This Eloquence release contains about half of the program featured on the Mehta/Los Angeles Philharmonic "Double Decca" discs issued about two years ago. That set included the remainder of the Star Wars suite, as well as Richard Strauss' Also Sprach Zarathustra, in keeping with the collection's "outer space" theme (although aside from its cinematic use, the Strauss work has little if anything to do with outer space--unless you think Nietzsche was an alien). The selection at hand includes Mehta's exceptionally well done Planets, wherein he leads a bracing and ferocious rendition of Mars, with the Los Angeles brass (especially the prominent tuba) blazing like so many war cannons.Read more In Venus, Mehta coaxes warm, sweet sounds from the high strings in the more ethereal passages. The same can be said for Neptune, with the angelic tones of the Los Angeles Master Chorale perfectly balanced in the aural picture. The end of Uranus features an arresting organ pedal tone, not as floor-rattling as Dutoit's on his Montreal/Decca recording, but impressive nonetheless. Decca's engineers make excellent use of the (unidentified) hall, giving the end of Saturn a room-filling impact.
The brief suite from John Williams' score for Close Encounters of the Third Kind cuts from the opening "neutron" chord to the arrival of the mothership at the film's end. This modernist-style music is right up Mehta's alley, and he jumps at the chance to show off this "difficult" yet popular fare. (A fuller version is available from Charles Gerhardt and the National Philharmonic on RCA.) The Los Angeles Philharmonic pulls out the stops for Williams' grand Star Wars main title, giving it a more Hollywood sound than its London counterpart did on the original soundtrack. It's enough of a tempting tidbit to make you hunger for the entire suite, in which case you should go for the Double Decca instead. [5/21/2001]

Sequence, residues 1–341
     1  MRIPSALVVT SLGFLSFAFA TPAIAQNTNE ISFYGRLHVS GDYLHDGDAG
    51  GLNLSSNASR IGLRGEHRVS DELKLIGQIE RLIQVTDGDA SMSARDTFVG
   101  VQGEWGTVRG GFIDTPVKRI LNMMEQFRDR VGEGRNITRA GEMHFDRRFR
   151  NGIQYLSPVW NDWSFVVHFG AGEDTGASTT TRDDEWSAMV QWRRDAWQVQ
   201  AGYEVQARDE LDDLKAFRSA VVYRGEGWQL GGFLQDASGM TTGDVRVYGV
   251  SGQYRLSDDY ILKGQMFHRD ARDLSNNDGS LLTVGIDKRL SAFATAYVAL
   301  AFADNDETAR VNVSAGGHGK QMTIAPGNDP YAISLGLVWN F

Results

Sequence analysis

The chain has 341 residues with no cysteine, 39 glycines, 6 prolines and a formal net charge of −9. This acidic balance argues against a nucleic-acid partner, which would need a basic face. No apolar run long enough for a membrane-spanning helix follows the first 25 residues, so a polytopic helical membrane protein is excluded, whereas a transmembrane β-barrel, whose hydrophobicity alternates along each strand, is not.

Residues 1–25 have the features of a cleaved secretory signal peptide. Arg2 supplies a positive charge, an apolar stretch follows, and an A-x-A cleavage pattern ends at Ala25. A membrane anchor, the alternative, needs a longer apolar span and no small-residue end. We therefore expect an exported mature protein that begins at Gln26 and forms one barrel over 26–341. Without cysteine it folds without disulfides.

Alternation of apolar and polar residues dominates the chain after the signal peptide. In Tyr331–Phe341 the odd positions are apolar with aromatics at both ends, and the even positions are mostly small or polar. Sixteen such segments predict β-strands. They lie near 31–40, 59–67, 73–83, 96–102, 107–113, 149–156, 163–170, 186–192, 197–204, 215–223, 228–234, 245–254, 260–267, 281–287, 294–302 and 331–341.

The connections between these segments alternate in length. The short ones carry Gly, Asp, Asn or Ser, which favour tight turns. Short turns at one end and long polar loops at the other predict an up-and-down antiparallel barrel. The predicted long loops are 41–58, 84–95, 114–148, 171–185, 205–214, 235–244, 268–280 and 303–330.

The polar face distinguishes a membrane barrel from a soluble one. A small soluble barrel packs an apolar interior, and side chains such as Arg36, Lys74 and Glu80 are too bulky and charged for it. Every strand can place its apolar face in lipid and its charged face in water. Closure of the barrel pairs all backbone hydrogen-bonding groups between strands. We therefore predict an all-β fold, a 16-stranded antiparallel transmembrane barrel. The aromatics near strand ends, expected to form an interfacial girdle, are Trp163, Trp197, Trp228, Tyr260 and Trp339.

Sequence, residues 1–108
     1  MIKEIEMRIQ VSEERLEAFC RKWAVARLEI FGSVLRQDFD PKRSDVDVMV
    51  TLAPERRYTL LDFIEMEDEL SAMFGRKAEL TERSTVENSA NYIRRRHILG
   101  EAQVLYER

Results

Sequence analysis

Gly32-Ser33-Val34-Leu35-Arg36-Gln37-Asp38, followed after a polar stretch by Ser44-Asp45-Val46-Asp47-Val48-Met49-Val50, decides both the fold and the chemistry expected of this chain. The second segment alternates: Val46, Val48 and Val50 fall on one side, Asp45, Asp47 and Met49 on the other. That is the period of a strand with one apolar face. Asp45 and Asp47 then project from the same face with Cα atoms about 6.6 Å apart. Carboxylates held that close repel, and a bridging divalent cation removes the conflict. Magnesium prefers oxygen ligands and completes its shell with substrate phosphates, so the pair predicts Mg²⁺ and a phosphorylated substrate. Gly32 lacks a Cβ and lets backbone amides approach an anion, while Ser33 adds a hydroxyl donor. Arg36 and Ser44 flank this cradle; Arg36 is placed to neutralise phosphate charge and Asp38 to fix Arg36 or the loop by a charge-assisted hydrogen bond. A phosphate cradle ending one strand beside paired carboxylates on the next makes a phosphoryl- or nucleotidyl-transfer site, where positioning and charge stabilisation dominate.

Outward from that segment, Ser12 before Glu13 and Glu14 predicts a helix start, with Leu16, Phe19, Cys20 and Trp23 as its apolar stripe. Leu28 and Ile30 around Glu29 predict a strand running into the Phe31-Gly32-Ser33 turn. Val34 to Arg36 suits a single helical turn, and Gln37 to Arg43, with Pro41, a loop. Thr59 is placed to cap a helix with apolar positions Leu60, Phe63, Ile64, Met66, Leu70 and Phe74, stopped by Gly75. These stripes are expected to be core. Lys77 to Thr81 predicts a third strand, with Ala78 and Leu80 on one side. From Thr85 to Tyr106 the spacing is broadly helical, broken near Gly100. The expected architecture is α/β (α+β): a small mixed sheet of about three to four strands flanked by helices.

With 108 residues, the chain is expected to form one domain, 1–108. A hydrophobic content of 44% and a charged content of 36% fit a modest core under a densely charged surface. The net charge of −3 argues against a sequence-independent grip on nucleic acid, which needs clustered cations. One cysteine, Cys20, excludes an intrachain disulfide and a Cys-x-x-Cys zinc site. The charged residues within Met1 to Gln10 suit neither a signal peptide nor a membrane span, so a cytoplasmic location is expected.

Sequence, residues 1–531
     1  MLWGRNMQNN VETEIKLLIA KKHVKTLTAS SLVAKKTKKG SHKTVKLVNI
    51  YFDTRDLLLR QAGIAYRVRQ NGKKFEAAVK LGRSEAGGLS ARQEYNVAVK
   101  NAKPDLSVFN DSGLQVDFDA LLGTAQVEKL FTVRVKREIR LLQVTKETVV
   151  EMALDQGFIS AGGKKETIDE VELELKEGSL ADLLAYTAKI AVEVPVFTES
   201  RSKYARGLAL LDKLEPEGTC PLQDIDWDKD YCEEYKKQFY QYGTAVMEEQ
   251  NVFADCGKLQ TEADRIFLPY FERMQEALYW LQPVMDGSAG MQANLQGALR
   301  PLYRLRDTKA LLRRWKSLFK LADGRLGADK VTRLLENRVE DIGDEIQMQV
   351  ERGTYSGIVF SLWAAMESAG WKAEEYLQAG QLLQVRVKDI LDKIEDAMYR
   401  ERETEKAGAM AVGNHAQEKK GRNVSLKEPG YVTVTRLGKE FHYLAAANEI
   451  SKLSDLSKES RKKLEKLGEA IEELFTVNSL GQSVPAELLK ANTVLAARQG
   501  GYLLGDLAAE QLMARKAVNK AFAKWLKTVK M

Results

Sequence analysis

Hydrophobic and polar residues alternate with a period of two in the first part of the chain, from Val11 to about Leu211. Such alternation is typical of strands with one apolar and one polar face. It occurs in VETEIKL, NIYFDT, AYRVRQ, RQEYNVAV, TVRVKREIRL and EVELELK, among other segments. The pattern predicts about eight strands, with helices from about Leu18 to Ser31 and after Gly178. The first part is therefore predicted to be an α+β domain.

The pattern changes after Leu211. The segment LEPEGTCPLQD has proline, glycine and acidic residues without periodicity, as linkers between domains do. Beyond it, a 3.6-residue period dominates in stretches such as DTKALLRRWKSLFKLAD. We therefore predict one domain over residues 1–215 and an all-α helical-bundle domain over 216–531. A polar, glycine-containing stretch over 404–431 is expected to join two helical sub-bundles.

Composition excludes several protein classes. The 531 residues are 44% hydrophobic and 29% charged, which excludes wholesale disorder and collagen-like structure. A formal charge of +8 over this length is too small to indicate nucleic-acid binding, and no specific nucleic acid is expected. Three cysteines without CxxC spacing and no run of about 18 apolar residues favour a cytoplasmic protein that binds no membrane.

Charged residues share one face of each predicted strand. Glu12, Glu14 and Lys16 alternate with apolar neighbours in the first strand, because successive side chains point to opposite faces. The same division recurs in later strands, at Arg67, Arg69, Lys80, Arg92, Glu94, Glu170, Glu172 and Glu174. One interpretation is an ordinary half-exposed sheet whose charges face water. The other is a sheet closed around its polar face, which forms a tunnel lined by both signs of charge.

--Victor Carr Jr., ClassicsToday.com Read less
Works on This Recording
The Planets, Op. 32/H 125by Gustav Holst Conductor:
Los Angeles Master Chorale Women,
Los Angeles Philharmonic Orchestra
Period: 20th Century Written: 1914-1916; England Length: 49 Minutes 43 Secs.
The $8- Tour of The Planets February 10, 2017By owen ryan (lakewood, CA)See All My Reviews"This was a sonic block-buster when it came out on LP. It still sounds pretty spectacular. Has a tuba ever sounded so sinister as it does here in Mars? The cymbals can shake the silver fillings out of your dental work. Do not play Mars with small children present as they may become frightened and have nightmares. This is an over-the-top-recording. Of course, the L.A. Phil. and Metha give a tremendously exciting performance. You can pay more but not get more. The Williams is superflous icing on the cake. Recommended."Report Abuse